- Coronavirus vaccine developments are a more important market catalyst than the US presidential election and third-quarter earnings, Goldman Sachs said Friday.
- The odds of widespread vaccine distribution by the first quarter of 2021 rose to 71% in early September from 39%, suggesting a resumption of regular economic activity might arrive sooner than anticipated.
- Health and Human Services Secretary Alex Azar has also given “upbeat commentary” on a vaccine being available for vulnerable populations by the end of 2020, the bank said in a note.
- While election volatility and earnings reports can provide a temporary lift to stock prices, the rollout of a viable vaccine is the best way to bring stock fundamentals back to pre-pandemic highs.
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Investors face several “substantial cross-currents” over the next few months, Goldman Sachs strategists said Friday.
The US presidential election is mere weeks away, and precedent suggests the days heading into and immediately after the election will boost stock market volatility. Third-quarter earnings are also on the horizon, giving investors their latest look at how companies are recovering from the pandemic’s economic fallout.
Yet Goldman Sachs believes a potential coronavirus vaccine is the most important driver for stock fundamentals. The odds of widespread vaccine distribution by the first quarter of 2021 climbed to 71% in September from just 39% in late August as multiple candidates entered late-stage development, the bank said in a note to clients.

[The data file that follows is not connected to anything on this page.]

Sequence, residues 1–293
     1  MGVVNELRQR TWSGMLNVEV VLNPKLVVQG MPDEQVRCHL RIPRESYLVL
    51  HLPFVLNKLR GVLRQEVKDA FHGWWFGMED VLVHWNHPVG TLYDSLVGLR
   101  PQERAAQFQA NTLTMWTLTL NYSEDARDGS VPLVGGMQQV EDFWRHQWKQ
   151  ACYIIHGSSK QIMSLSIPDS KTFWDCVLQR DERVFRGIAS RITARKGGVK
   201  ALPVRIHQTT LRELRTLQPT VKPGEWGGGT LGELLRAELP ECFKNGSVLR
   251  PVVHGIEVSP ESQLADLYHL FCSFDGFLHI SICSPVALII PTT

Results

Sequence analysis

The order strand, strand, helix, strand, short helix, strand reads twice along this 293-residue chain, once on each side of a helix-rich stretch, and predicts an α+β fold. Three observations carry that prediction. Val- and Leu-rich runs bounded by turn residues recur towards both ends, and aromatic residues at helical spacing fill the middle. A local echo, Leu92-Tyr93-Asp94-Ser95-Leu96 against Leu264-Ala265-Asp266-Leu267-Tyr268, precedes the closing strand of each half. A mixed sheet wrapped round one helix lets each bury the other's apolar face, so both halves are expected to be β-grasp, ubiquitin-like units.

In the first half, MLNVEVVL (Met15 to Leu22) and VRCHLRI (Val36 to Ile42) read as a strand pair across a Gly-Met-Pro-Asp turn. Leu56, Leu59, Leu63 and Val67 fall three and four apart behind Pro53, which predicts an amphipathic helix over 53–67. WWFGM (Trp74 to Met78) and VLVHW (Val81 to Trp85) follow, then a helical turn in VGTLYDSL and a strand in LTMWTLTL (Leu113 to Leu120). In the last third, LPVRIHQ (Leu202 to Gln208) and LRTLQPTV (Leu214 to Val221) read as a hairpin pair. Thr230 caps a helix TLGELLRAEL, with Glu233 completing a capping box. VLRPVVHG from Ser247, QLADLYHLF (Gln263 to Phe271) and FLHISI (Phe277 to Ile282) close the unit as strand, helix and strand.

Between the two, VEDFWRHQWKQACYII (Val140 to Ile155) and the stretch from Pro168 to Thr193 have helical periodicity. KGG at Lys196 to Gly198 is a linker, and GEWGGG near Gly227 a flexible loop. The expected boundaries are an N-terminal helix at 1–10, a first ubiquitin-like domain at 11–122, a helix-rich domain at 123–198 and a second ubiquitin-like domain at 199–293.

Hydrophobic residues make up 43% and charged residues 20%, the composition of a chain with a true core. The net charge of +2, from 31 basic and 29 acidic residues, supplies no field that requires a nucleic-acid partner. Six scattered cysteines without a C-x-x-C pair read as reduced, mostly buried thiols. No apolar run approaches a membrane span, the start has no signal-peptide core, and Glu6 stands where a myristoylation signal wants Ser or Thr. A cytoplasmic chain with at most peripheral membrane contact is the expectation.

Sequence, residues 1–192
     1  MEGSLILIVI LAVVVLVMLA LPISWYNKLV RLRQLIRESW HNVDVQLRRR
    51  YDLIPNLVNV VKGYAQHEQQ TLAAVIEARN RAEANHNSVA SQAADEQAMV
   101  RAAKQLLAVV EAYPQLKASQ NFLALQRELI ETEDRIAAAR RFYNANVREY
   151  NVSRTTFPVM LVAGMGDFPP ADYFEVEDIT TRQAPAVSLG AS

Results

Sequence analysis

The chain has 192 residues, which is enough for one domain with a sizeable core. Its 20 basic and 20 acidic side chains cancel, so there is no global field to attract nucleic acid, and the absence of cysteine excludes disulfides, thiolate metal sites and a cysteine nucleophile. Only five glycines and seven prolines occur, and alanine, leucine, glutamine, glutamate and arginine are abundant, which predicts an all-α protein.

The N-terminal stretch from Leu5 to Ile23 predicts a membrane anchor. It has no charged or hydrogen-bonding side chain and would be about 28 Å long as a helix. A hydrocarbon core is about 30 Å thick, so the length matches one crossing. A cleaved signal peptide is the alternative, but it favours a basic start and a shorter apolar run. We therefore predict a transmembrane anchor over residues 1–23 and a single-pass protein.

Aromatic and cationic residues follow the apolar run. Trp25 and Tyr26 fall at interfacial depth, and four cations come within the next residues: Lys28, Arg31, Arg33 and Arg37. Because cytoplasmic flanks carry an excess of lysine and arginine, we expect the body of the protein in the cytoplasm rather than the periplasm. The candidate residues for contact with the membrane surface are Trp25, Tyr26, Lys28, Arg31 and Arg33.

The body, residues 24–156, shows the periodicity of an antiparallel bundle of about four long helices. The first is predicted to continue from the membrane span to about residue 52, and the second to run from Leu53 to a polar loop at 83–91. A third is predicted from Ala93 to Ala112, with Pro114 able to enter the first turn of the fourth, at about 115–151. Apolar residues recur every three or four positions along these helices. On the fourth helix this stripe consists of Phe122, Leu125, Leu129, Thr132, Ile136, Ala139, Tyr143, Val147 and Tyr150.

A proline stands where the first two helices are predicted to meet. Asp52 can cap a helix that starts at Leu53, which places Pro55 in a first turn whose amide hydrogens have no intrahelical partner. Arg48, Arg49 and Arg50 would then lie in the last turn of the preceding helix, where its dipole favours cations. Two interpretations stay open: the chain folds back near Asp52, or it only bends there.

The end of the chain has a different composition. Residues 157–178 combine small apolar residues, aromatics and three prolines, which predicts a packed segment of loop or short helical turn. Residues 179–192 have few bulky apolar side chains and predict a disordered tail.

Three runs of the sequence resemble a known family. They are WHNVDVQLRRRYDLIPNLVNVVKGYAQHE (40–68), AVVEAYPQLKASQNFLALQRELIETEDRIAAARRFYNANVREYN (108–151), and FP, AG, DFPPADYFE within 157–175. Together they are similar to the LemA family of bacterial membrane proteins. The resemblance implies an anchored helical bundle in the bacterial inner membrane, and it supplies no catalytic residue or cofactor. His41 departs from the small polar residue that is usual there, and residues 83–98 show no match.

Health and Human Services Secretary Alex Azar also gave “upbeat commentary” on a vaccine being available for vulnerable populations by the end of the year. Even if vaccine uptake is slow, antibody treatments in development offer “a potential bridge” to broader availability, Goldman said, adding that dynamic is “potentially underappreciated by investors.”
The advent of a viable vaccine could accelerate reopening plans and help companies’ earnings rebound to pre-pandemic levels. Various experts, from Federal Reserve Chair Jerome Powell to Wall Street executives, have argued that the path of the US economic recovery hinges on the path of the coronavirus. Should a vaccine fail to materialize, fundamentals will remain stifled for much longer.
As for near-term market strategy, Goldman expects large-cap stocks to outperform during earnings season. The “consequences of the semi-frozen economy” will slam profits and keep most companies from providing meaningful forward guidance. Sales will shrink in the energy and industrials sectors, while health care, consumer staples, and information tech companies should see robust revenue growth, the bank added.
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